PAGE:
In an essay called “Childhood and Poetry,” Pablo Neruda once speculated on the origins of his work. Neruda was raised in Temuco, a frontier town in southern Chile. To be born in Temuco in 1904 must have been a little like being born in Oregon a hundred years ago. Rainy and mountainous, “Temuco was the farthest outpost in Chilean life in the southern territories,” Neruda tells us in his memoirs.
( . . . )
Playing in the lot behind the house one day when he was still a little boy, Neruda discovered a hole in a fence board. “I looked through the hole and saw a landscape like that behind our house, uncared for, and wild. I moved back a few steps, because I sensed vaguely that something was about to happen. All of a sudden a hand appeared—a tiny hand of a boy about my own age. By the time I came close again, the hand was gone, and in its place there was a marvelous white toy sheep.
“The sheep’s wool was faded. Its wheels had escaped. All of this only made it more authentic. I had never seen such a wonderful sheep. I looked back through the hole but the boy had disappeared. I went into the house and brought out a treasure of my own: a pine cone, opened, full of odor and resin, which I adored. I set it down in the same spot and went off with the sheep.
“I never saw either the hand or the boy again. And I have never seen a sheep like that either. The toy I lost finally in a fire. But even now . . . whenever I pass a toyshop, I look furtively into the window. It’s no use. They don’t make sheep like that any more.”
Neruda has commented on this incident several times. “This exchange of gifts—mysterious—settled deep inside me like a sedimentary deposit,” he once remarked in an interview. And he associates the exchange with his poetry. “I have been a lucky man. To feel the intimacy of brothers is a marvelous thing in life. To feel the love of people whom we love is a fire that feeds our life. But to feel the affection that comes from those whom we do not know, from those unknown to us, who are watching over our sleep and solitude, over our dangers and our weaknesses—that is something still greater and more beautiful because it widens out the boundaries of our being, and unites all living things.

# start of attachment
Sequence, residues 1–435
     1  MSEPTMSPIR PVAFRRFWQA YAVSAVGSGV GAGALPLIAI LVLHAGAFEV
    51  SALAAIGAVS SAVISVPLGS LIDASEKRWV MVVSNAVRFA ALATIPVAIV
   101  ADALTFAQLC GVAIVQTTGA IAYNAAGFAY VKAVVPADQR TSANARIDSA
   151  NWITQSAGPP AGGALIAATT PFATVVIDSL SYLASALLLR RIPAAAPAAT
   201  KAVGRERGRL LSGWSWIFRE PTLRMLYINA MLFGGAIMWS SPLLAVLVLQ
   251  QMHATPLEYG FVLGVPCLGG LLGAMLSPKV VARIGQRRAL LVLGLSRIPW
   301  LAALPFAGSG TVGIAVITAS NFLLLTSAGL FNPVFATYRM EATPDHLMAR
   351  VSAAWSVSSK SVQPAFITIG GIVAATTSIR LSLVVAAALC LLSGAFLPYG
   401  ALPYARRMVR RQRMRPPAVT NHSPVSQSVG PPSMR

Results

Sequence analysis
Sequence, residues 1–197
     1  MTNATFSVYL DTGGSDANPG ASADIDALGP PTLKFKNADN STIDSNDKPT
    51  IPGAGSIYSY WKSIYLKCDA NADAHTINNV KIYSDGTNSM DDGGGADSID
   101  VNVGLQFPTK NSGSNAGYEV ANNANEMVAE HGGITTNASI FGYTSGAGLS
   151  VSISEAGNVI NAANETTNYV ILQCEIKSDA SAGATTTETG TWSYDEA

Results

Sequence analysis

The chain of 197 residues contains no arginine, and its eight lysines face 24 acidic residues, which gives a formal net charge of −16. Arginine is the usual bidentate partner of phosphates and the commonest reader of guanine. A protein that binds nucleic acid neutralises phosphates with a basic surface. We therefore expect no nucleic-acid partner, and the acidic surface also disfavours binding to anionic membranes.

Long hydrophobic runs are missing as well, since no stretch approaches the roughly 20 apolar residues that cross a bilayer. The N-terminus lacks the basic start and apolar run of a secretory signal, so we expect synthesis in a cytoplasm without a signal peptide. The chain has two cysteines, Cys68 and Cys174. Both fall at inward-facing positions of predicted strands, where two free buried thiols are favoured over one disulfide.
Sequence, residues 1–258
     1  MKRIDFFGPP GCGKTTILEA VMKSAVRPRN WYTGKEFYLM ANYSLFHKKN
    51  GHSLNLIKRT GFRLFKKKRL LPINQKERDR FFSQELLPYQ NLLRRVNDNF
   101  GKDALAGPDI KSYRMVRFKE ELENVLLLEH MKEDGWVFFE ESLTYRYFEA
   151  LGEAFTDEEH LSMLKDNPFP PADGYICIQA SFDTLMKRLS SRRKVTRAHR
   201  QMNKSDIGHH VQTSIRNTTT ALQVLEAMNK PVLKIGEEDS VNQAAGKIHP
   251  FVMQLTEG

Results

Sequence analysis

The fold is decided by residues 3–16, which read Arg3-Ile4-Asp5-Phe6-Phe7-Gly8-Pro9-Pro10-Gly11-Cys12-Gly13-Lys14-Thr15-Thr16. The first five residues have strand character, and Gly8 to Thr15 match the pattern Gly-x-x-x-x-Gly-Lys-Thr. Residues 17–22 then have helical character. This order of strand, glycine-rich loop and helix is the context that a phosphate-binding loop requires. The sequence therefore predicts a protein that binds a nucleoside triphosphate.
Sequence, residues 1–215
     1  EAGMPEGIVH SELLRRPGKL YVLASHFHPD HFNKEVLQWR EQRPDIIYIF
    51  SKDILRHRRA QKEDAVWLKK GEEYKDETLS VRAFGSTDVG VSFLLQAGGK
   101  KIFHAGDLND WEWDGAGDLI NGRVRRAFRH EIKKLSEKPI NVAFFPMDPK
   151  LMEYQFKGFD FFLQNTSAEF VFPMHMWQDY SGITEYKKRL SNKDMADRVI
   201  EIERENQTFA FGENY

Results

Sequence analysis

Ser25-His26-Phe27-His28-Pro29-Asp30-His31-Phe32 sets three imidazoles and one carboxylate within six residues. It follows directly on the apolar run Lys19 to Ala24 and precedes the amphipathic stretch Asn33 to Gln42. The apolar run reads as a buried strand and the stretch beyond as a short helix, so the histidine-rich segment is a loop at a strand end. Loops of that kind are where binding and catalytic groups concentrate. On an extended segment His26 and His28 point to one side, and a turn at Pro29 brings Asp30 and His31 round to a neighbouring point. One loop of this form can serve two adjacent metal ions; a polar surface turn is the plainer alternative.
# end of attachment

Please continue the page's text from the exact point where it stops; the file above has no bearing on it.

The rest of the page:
“That exchange brought home to me for the first time a precious idea: that all humanity is somehow together . . . It won’t surprise you then that I have attempted to give something resiny, earth like, and fragrant in exchange for human brotherhood . . .
“This is the great lesson I learned in my childhood, in the backyard of a lonely house. Maybe it was nothing but a game two boys played who didn’t know each other and wanted to pass to the other some good things of life. Yet maybe this small and mysterious exchange of gifts remained inside me also, deep and indestructible, giving my poetry light.”
—Lewis Hyde, The Gift: Creativity and the Artist
How un-self-centered an offering; how generous a receptacle for that which feeds our lives. It is striking that the poet associates this experience with the generation of his art and interesting to consider where the impulses for our own offerings come from.